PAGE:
Saturday, March 23, 2013

An excerpt from "The Armored Fist"

Capt. Jim Cary, left, a former company commander,
and Sgt. Joe Fetsch, a gasoline truck driver, at
a reunion of the 712th Tank Battalion.

Lt. Dale Albee on a ridge overlooking the Rhine River.

   My new book, "The Armored Fist," is now available. It is the story of the 712th Tank Battalion, with which my father served in World War II. Following are the preface and first chapter.

From "The Armored Fist," by Aaron Elson
Published by Fonthill Media, Ltd.
Copyright © Aaron Elson, 2013
Joe Blow from Breeze

   In 1938, Dale Albee, a skinny nineteen-year-old kid from Independence, Oregon, tried to join the Navy, but failed to pass the eye test. He therefore memorised the eye chart. The next day, he joined the Army. ‘E-FP-TOZ, even the big E was fuzzy,’ Albee, who became a sergeant in the horse cavalry and received two Purple Hearts and a battlefield commission with the 712th Tank Battalion, recalled decades later.
   In 1942, Ed Forrest, a thirty-two-year-old rail-thin graduate of Clark University in Worcester, Massachusetts, applied for officers candidate school, but was rejected as he was colour blind. He returned to Stockbridge, Massachusetts, where he lived in the parish house of St Paul’s Episcopal Church, and had his friend Dave Braman help him memorise the test. He passed on the second attempt.
   Clifford Merrill enlisted in the Army in 1936 to get away from an abusive father and the abject poverty in which his large family lived in Springfield, Maine. Army pay was not much, but he managed to send his mother enough money to buy a washing machine. Merrill graduated with the first armored officers candidate class at Fort Knox, Kentucky, where Col Tom Chamberlain, who later would be his commanding officer in the 10th Armored Division, was a member of the staff. ‘I got caught shooting crap one night,’ Merrill said when interviewed in 1992. ‘We were making a lot of noise in the wooden barracks and the officer of the day made a big deal out of it. In the morning I had to report to the day room. There was a Colonel Calais, his left hand had three fingers cut off from a tank. He had his hand on the edge of the turret when the tank hit a tree and the hatch cover came down. He still had his thumb and his index finger and when he talked to you he would point with the one finger. I had to report to three of them – Chamberlain, Calais and Colonel Morrill. Chamberlain was the first one to talk.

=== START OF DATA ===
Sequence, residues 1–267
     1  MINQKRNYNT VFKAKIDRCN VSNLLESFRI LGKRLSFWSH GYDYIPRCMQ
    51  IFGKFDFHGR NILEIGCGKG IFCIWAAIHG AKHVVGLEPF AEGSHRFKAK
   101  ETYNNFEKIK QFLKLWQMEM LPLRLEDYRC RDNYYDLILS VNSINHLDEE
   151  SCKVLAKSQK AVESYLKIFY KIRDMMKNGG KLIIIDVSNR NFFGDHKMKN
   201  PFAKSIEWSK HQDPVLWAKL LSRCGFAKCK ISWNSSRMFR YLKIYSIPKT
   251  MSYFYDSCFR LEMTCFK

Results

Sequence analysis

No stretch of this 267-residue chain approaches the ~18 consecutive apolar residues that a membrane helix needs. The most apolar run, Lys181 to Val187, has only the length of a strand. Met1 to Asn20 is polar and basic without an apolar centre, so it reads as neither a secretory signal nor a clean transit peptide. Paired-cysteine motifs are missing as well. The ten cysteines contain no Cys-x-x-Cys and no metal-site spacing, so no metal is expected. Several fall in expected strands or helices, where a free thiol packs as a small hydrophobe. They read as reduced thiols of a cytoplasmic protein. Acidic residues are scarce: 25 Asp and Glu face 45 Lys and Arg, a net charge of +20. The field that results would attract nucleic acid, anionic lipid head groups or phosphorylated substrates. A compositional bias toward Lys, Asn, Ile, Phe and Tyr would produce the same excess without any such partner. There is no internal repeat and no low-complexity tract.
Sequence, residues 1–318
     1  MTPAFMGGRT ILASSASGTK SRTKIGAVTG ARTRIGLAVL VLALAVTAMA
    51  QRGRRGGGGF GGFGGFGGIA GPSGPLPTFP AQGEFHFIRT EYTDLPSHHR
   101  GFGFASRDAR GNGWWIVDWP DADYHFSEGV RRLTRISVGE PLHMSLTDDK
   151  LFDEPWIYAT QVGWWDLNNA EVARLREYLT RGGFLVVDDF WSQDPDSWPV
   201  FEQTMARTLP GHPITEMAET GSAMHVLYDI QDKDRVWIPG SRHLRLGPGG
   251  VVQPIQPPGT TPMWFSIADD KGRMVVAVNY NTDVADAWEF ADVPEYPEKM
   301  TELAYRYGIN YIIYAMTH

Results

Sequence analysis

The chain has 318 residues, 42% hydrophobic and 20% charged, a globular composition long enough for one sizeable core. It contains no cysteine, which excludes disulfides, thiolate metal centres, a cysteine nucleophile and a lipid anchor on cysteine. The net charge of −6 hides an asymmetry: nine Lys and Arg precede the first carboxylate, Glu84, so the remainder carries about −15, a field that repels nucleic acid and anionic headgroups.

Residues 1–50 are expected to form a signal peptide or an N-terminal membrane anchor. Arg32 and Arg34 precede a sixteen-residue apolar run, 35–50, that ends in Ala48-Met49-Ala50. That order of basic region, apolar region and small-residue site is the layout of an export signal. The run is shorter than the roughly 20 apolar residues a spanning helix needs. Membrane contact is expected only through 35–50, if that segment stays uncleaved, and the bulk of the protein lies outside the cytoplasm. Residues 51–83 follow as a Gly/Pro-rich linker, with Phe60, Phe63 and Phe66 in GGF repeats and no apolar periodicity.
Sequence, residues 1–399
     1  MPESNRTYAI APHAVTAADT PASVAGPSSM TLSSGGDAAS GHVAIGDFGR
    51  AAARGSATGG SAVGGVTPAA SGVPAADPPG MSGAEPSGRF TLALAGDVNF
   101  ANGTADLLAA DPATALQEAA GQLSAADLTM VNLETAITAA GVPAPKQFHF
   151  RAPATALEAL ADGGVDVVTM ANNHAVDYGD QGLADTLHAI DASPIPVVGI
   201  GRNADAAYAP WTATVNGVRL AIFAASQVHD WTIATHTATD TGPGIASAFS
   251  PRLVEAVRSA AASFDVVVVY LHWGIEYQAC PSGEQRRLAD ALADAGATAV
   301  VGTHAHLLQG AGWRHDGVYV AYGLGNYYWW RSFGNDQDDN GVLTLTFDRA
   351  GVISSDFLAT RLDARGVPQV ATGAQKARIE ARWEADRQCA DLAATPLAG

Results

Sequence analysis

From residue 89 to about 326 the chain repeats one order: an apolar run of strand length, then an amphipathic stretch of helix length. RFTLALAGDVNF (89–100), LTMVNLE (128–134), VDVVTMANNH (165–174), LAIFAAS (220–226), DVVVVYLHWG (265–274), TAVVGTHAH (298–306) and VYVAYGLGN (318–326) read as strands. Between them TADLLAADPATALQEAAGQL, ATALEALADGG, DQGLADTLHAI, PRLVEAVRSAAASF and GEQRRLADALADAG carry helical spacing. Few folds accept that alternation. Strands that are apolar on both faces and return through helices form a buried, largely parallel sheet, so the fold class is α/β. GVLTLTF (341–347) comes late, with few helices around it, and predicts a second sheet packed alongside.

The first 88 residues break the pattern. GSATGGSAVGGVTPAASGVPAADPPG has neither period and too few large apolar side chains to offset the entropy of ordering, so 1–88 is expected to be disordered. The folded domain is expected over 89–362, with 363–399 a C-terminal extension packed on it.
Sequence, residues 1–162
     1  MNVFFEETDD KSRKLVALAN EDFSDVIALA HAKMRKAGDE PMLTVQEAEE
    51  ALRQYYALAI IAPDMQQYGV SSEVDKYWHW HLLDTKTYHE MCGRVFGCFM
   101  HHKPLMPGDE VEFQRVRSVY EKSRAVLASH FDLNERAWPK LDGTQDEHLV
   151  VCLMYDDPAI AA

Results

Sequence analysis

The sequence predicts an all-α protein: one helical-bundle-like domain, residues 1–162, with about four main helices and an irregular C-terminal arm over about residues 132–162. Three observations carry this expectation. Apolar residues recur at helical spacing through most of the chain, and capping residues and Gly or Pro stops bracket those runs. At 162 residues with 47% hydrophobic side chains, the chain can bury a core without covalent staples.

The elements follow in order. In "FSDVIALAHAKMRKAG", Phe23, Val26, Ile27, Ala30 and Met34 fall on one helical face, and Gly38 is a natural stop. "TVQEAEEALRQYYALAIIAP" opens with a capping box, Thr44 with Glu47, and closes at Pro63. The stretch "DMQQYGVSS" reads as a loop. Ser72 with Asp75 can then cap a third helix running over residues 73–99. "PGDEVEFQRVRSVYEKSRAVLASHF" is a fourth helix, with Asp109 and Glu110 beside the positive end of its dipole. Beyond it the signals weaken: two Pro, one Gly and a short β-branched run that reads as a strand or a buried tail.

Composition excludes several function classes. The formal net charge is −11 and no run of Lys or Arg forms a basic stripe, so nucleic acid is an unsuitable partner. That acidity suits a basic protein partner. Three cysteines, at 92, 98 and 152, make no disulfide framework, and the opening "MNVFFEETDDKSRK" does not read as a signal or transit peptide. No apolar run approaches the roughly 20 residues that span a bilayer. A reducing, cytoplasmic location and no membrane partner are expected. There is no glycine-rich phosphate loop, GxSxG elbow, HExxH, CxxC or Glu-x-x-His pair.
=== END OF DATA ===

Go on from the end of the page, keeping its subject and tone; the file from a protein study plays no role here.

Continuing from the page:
‘“And what were you doing?” he said.
   ‘“I was trying to make a hard ten,” I said.
   ‘“Did you make it?”
   ‘“Yes, Sir.”
   Merrill went on to become the first of several company commanders in A Company of the 712th Tank Battalion. His executive officer was Ellsworth Howard. Howard grew up in Louisville, Kentucky, and volunteered for the draft in 1941. After basic training at Fort Knox, he was assigned to the 5th Armored Division where he was sent to a motorcycle school. ‘I hate motorcycles with a passion,’ Howard said in the hospitality room during a reunion of the 712th. ‘I struggled with that thing for thirteen weeks and unfortunately there was a colonel there who apparently took a liking to me because no matter what I did he thought it was a big joke and wouldn’t let me go. I graduated and I thought, “I’ll get out of this now.” He had me reassigned to be an instructor in the motorcycle school. So one day, they put a notice on the bulletin board that they needed candidates for officers candidate school.’
   Ed Stuever, a maintenance sergeant in the 712th, grew up in Breeze, Illinois. People kidded him about his Uncle Joe Blow from Breeze. But when he was eighty-eight and living in Chicago, Stuever returned to Breeze and helped a group of local history buffs find the site of the one-room schoolhouse where he received his education and where he learned the Song of Illinois. It was such a beautiful song, he told the group’s guide, that if children performed it at their graduation – he pronounced it ‘gradjy-ation’ – all the elderly folks in the audience would ‘...jump up out of their wheelchairs in exuberance.’